Dave Eggers, known for his self-reflective, verbose works, wrote Zeitoun, a character-driven potboiler account of a single family living in New Orleans. With the story of the Zietouns, Eggers reaches to the core of each reader’s pathos. He lets the reader know his true feelings about immigration with this great narrative of nonfiction.
The protagonist Abdulrahman Zeitoun is a refugee who owns a painting and contracting business. He also manages several rental properties throughout the city. His wife Kathy, a Louisiana native, met Abdulrahman when he immigrated to America from Jableh, Syria. They have four children, and this is their American dream.
On Aug. 27, Kathy hears of an impending storm throughout the day. She doesn’t worry too much about it because big storms are common in the area. However, at the end of the day, Kathy hears the news that there is a family lost at sea. It is at this moment that patience and sense of calm leave her. Having lived moments like this before, she takes their children and drives to Baton Rouge to ensure their safety. Abdulrahman, being stubborn, refuses to go with them. He decides to watch over the other houses in the neighborhood and various other properties.
Hurricane Katrina, listed at a Category 3, struck the Gulf Coast of America Aug. 29, 2005. It leaves a trail of destruction throughout Louisiana and Mississippi. Houses are destroyed leaving families searching for shelter and loved ones. Many are without power waiting out the storm, while others are being packed into the Superdome, home of the New Orleans Saints football team. Abdulrahman, lies awake listening to Katrina make its way through the city. After the hurricane, he meets up with other three other Syrian immigrants and neighbors to see how they can help with cleanup. The four men go out on boat to take food and water to citizens and stray dogs in need.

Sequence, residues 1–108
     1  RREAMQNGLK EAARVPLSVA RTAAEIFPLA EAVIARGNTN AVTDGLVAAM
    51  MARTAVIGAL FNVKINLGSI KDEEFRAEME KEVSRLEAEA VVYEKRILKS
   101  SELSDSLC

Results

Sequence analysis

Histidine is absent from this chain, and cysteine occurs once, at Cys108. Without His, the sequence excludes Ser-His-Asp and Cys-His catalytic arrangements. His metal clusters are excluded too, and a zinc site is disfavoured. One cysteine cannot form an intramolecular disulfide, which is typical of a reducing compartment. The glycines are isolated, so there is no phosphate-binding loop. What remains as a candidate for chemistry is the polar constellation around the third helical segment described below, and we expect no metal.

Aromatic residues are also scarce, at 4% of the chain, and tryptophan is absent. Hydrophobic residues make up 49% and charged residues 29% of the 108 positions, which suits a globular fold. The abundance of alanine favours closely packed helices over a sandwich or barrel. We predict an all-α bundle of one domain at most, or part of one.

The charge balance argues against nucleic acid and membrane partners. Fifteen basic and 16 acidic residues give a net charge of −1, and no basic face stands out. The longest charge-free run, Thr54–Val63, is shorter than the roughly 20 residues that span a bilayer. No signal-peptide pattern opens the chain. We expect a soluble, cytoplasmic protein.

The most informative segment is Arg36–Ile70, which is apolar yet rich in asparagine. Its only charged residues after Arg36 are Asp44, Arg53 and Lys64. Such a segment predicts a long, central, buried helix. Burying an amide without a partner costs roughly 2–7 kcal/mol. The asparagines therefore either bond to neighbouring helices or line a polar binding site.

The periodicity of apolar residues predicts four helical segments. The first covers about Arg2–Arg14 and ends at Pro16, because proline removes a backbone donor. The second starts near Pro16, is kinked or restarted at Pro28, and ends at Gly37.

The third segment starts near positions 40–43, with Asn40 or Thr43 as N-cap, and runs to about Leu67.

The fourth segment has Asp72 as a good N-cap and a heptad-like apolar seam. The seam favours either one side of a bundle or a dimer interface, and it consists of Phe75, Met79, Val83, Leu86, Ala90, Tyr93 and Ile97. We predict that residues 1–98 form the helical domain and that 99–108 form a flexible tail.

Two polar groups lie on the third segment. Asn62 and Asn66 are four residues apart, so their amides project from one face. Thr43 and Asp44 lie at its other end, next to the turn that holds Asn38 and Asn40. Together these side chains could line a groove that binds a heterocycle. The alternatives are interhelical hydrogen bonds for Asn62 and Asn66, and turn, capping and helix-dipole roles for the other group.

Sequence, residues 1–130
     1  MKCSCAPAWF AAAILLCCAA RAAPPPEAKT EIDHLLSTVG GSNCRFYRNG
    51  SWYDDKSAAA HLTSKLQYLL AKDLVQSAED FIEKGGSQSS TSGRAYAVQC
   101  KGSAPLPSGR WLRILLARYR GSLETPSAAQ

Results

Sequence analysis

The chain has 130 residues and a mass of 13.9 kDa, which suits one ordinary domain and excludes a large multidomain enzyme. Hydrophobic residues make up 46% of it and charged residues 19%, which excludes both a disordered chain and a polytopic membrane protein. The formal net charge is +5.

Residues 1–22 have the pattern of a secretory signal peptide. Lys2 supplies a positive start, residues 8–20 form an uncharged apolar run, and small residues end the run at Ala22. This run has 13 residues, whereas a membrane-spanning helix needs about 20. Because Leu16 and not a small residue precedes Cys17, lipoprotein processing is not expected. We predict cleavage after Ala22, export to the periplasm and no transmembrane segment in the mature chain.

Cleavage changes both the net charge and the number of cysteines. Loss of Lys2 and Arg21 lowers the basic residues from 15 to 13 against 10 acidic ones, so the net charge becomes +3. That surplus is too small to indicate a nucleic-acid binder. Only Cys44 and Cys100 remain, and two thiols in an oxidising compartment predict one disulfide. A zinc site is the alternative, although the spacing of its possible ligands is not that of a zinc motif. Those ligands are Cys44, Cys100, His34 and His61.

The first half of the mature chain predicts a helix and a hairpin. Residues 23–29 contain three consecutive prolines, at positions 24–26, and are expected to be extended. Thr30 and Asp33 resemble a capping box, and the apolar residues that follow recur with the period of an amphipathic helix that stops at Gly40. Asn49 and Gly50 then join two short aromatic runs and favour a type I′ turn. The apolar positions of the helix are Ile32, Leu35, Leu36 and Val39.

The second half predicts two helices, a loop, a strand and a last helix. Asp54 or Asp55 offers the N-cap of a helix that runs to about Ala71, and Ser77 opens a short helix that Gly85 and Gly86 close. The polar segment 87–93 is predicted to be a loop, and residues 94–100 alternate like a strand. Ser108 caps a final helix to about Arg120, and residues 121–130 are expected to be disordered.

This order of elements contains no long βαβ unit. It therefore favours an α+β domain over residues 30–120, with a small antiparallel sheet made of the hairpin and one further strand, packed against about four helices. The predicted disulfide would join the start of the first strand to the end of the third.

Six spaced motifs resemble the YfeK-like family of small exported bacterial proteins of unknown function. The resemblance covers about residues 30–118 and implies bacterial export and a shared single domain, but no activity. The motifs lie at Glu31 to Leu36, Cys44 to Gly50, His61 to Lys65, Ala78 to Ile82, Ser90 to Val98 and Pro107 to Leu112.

On Tuesday, Sept. 6, Abdulrahman prepares to call Kathy from his house on Claiborne Street when a number of police and military officers burst into the home. The officers refuse to listen to Abdulrahman’s protest that this home is his and he and the other Syrians aren’t squatting. The officers order the men into their boat. From there they are taken to a makeshift prison with no phone call and no access to an attorney. It is unknown if his arrest is hidden behind a political agenda or Islamophobia.
Kathy assumes the worst has happened to Abdulrahman. She doesn’t find out about his poor treatment until the end of September. He had been suffering at the hands of those who are supposed to protect and serve America.
Eggers does a beautiful job of showing how difficult it is to be an immigrant in the U.S. It is not an eloquently written story, but Eggers hits the reader in the gut with the reality of immigrant struggles. He writes without indicting former President George Bush’s actions following Katrina. It’s a story showing the humanity of immigrants and how they are just like everybody else in America. They are trying to support their family, build a life for themselves and overall, just trying to hang on like a hubcap in the fast lane.